Saturday, 12 November 2011


My mum recently walked into her bathroom to find a frog sitting there, waiting, as if he indeed was the Godfather himself. My mum, well let's just say I heard a screeching noise (not at all humane), with something between a whimper and a laugh escaping from her lips. She ran around in circles, calling for my brother (he's the Ghostbuster of insects and amphibians in our family). But that gets me onto this weeks topic.


Fear defines us in uncertain ways. It makes us neurotic, and it makes us interesting. As a neurotic person, I have countless fears that trail behind me as I walk my way through life. I  take this down to being a perfectionist, but perhaps I'm just a very wimpy person. My fears are long, and ever expanding, and here are just a few:

Clowns, deep water, heights, roller coasters, horror movies, crowds, loud noises, death or death of a loved one, failing at school, fire, cancer, the dark, 2012, something slimy and amphibious swimming in the toilet bowl, evil ghosts, the unknown.

   It comes down to this. There are different sorts of fears. There are fears that enchant you, like fire. The way the flames dance and twirl as if they were in a never-ending ball is glorious, yet the fact that, that same dancing can become so deadly in a matter of seconds, mystifies me.
   The second sort of fear is a fear that you love, yet hate. Like the dark. While I hate the dark, there's always a magical quality in the air, like anything is possible. But it's also vicious, and scary, and that anything that's possible could be a bad thing.
   The third sort of fear, is something that's completely justifiable. In my case, cancer. My family has had the unfortunate chance that they have acquired quite a few bad genes in their time. My grandfather died from bowel cancer, my grandmother had breast cancer, my aunty had early stages of breast cancer, my mum had a melanoma. We aren't the most healthy lot out there. It terrifies me that there's a good chance that in my lifetime, I may get some sort of cancer.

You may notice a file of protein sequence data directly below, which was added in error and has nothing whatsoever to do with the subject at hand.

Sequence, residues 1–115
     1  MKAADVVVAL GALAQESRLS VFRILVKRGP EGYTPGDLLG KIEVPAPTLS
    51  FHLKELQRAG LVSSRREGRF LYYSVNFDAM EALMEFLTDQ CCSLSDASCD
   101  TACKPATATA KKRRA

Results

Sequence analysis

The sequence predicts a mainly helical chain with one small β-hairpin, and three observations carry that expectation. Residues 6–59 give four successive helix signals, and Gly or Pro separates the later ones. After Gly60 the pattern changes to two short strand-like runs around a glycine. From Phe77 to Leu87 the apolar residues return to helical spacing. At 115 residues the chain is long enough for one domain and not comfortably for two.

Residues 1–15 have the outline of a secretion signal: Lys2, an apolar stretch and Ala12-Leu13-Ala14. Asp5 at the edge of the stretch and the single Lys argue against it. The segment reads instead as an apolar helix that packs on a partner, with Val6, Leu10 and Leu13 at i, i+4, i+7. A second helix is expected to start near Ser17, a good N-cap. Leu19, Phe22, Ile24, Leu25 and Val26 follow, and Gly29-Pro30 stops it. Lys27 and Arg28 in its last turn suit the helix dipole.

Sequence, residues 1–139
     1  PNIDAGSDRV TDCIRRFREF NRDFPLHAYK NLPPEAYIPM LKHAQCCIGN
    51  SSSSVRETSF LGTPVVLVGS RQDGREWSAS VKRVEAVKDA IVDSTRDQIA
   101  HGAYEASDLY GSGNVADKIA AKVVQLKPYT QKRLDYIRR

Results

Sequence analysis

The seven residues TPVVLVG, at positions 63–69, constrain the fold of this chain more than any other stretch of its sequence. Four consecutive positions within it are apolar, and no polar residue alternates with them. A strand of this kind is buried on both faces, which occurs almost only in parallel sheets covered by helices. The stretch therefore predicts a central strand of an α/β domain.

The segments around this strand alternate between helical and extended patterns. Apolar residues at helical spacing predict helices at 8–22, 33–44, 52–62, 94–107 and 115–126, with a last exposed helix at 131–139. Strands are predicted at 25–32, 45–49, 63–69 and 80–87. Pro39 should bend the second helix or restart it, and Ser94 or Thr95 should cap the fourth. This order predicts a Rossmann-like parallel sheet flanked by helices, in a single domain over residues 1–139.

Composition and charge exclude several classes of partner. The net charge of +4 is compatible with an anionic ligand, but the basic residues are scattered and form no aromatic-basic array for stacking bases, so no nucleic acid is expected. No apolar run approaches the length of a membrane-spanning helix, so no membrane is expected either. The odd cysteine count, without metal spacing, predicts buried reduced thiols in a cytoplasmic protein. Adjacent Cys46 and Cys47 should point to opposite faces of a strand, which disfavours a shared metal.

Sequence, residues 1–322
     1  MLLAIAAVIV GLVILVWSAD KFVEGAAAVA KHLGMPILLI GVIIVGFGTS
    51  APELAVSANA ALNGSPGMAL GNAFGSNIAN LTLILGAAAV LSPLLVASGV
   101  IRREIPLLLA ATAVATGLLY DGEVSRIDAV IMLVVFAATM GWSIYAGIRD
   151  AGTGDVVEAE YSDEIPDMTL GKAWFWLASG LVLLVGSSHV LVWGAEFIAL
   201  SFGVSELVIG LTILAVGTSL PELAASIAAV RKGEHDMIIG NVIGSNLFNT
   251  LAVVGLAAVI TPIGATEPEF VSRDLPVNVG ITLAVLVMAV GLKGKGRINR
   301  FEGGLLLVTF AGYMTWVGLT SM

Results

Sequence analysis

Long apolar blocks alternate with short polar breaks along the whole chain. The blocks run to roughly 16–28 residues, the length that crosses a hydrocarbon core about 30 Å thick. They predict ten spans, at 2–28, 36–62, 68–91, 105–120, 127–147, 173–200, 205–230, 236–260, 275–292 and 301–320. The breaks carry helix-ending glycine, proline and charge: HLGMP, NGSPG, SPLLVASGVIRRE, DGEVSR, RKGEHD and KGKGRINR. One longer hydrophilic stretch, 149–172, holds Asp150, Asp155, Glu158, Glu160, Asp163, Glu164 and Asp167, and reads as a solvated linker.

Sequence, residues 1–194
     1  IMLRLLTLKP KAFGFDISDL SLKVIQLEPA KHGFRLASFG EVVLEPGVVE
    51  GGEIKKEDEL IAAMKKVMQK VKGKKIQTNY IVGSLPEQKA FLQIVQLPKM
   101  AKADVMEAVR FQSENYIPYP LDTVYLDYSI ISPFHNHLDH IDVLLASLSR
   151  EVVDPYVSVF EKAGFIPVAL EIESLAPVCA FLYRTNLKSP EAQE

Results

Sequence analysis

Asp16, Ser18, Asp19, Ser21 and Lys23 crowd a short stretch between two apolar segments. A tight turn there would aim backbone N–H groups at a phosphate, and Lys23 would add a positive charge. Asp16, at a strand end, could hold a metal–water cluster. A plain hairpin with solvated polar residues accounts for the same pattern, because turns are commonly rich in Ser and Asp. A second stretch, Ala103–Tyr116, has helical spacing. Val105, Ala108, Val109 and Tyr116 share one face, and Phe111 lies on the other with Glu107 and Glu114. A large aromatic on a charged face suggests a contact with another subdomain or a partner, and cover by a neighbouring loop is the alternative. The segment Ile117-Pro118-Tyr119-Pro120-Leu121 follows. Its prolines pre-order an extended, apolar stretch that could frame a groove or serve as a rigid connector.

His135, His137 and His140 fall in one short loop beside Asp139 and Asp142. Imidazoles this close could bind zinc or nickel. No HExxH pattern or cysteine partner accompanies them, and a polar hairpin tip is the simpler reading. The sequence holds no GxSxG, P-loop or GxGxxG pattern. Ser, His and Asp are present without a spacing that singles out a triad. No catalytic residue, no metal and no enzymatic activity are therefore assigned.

The fourth sort of fear is something that's completely unjustifiable. Like clowns. They're creepy, ok? It's like they're desperately trying to mask the sadness behind their make-up. And deep water too. I live in Australia. Sharks and crocodiles roam the currents here.
    The fifth, and final sort of fear is the irrational fear. 2012, mainly. Even though it won't happen, sometimes when you just sit down and think, a nagging sensation of doubt bubbles up from your gut, and you start thinking what if?

And that's what fears should do. They should make you think what if? What if the dark became real and was magic, but was also a serial killer? What if clowns really were evil, and used their masks as a source of soul sucking, or happiness sucking? What if?

And I guess that's it. Despite the fact that we let our fears define us, once we get over them, nothing has really changed. You might expect to feel some sort of bubble burst, a thrill, a giant dose of fresh air entering your lungs. Yet, it isn't the case. Why is that? It may be because we change so subtly that not even ourselves - the person who knows us best, notices it. Or, it could be because we've adapted to live and thrive with our fears. And indeed, now that you're over it, you may just feel a little empty.

There's generally always a logical reasoning behind a fear, yet it shouldn't mean we should get rid of it. Fears, like a personality, changes, so perhaps you should enjoy that fear you have now, as it may be completely different in five years. Mind you, there isn't a particular way for one to enjoy a fear. Perhaps just appreciate it. Understand what it says about you. Become a friend to it.

Next week lovelies,

BOOK CURRENTLY READING: The Daughter of Smoke and Bones by Laini Taylor
WORDS: 0 - school has overtaken my life
QUOTE: "Fear had its uses, but cowardice has none" - Mohandas Ghandi

something was going to go here, but I can't remember what.

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